Future electronic applications, such as electric cars, power grids, and maybe even robotics, will require powerful batteries. In this arena, the rechargeable lithium metal battery is a true powerhouse compared to the more commonly used lithium-ion battery. But it has been restricted to the lab for decades due to its short life expectancy and occasional fiery demise. Now, a team of researchers at Stanford University has invented a coating that overcomes some of the battery’s previous defects.
The researchers stated that the coating significantly extended the battery’s life in laboratory tests. It also dealt with the combustion issue by greatly limiting the dendrites, tiny needle-like structures that pierce the separator between the battery’s positive and negative sides. Dendrites also could create a short circuit within the battery’s flammable liquid.
According to Zhenan Bao, professor of chemical engineering, these dendrites have prevented lithium metal batteries from being used in what may be the next generation of electric vehicles. Lithium metal batteries can hold at least a third more power per pound compared to lithium-ion batteries and are significantly lighter because they use lightweight lithium for the cathode rather than heavier graphite.
The new coating prevents dendrites from forming by creating a network of molecules that uniformly deliver charged lithium ions to the electrode. This prevents unwanted chemical reactions that typically occur in these batteries and reduces chemical build-up on the anode, which quickly devastates the battery’s ability to deliver power.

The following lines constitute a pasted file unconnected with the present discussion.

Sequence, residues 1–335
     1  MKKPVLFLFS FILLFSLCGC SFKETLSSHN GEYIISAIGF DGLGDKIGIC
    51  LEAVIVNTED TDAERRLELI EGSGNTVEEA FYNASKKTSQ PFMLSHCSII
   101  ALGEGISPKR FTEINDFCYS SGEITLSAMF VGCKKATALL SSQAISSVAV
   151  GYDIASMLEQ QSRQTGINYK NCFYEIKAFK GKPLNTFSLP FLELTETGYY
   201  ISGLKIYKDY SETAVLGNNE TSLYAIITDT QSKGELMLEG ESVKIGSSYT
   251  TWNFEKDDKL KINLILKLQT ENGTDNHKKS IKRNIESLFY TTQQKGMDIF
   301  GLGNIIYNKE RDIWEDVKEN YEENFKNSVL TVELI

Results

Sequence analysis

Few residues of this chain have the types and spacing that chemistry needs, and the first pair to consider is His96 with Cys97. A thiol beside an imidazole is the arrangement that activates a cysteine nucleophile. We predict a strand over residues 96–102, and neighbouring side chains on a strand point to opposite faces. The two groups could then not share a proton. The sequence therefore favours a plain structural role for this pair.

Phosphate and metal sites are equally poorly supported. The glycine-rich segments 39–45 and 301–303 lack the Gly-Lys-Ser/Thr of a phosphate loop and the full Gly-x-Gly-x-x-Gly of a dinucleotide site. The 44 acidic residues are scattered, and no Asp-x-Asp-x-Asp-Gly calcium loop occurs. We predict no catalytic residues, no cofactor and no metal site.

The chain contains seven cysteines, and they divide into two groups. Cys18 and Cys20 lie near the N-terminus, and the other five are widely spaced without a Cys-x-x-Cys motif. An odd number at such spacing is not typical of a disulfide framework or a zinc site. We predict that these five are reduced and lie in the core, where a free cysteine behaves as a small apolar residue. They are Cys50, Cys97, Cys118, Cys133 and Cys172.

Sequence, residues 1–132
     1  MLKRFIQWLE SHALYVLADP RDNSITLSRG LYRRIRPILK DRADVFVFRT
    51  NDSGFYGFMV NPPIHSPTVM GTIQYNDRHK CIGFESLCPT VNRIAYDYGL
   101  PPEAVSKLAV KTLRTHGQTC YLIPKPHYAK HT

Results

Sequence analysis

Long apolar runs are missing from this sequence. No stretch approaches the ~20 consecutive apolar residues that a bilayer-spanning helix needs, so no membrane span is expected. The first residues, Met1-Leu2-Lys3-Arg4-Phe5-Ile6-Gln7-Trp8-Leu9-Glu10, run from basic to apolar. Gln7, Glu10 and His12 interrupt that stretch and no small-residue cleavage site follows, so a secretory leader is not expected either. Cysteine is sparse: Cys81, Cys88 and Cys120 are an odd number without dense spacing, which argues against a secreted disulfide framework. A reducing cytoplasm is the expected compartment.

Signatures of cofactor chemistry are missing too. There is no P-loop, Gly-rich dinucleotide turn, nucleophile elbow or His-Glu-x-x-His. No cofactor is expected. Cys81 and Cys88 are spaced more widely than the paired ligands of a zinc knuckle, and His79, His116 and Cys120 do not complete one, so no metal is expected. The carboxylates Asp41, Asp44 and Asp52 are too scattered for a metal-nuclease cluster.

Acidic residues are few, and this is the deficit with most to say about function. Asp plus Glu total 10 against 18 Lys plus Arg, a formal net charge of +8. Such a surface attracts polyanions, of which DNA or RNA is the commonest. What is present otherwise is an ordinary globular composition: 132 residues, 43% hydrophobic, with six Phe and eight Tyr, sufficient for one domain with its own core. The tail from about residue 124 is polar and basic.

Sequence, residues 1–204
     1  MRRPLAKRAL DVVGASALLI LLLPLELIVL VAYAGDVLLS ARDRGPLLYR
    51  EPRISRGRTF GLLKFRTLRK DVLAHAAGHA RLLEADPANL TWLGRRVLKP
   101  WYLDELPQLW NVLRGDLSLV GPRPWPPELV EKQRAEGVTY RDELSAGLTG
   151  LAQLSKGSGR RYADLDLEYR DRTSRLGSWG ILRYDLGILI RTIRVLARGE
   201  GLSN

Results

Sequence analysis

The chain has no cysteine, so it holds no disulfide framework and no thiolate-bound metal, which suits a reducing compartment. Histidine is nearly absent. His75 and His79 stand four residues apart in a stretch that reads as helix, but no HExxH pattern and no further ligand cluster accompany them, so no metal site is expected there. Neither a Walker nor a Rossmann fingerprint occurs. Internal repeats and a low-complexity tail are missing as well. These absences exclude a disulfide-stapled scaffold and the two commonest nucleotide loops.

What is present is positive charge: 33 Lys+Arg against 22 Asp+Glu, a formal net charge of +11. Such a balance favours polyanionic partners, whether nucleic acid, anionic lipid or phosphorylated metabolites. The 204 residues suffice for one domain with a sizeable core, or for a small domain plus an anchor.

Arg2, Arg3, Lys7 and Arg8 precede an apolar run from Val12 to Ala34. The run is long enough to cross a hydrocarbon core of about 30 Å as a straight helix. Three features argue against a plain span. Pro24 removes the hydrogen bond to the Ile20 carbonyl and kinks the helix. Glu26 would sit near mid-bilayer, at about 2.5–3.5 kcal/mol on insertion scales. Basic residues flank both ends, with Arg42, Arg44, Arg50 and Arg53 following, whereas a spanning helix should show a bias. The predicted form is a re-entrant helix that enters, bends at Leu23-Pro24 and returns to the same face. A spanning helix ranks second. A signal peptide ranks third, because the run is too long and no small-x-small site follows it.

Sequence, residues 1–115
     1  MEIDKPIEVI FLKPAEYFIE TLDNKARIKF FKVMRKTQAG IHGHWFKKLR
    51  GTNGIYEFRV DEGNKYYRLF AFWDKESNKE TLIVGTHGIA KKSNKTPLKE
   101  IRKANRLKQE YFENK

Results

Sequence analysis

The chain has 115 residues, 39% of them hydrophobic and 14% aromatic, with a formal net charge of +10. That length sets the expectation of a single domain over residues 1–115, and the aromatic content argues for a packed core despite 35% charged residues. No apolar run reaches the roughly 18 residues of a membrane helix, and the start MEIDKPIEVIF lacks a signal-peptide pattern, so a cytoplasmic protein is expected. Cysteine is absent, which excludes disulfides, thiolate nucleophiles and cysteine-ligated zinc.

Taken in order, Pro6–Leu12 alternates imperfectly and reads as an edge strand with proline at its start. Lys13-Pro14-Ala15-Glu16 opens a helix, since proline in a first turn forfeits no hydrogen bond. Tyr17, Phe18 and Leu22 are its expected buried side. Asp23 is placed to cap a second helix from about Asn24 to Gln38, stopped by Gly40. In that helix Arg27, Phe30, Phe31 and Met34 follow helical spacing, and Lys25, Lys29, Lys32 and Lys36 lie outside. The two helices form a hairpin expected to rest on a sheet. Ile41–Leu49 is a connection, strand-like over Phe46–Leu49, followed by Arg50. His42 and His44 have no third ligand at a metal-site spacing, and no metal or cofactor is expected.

“If they were more reliable, these batteries could benefit portable electronics from notebook computers to cell phones, but the real ‘pay dirt’ would be for cars,” said Yi Cui, professor of materials science and engineering. The biggest drag on electric vehicles is that their batteries spend about one fourth of their energy carrying themselves around, which eats into to the heart of EV range and cost.
The Stanford team tested their coating on the anode of a standard lithium metal battery, which is where dendrites typically form. They combined their specially coated anodes with other commercially available components to create an operational battery. After 160 cycles, their lithium metal cells still delivered 85% power compared to the power delivered in their first cycle. The researchers said that regular lithium metal cells deliver about 30% after that many cycles, rendering them nearly useless (even if they do not explode).
The group is now refining their coating design to increase capacity retention and testing cells over more cycles. “While use in electric vehicles may be the ultimate goal,” said Cui. “Commercialization would likely start with consumer electronics to demonstrate the battery’s safety first.”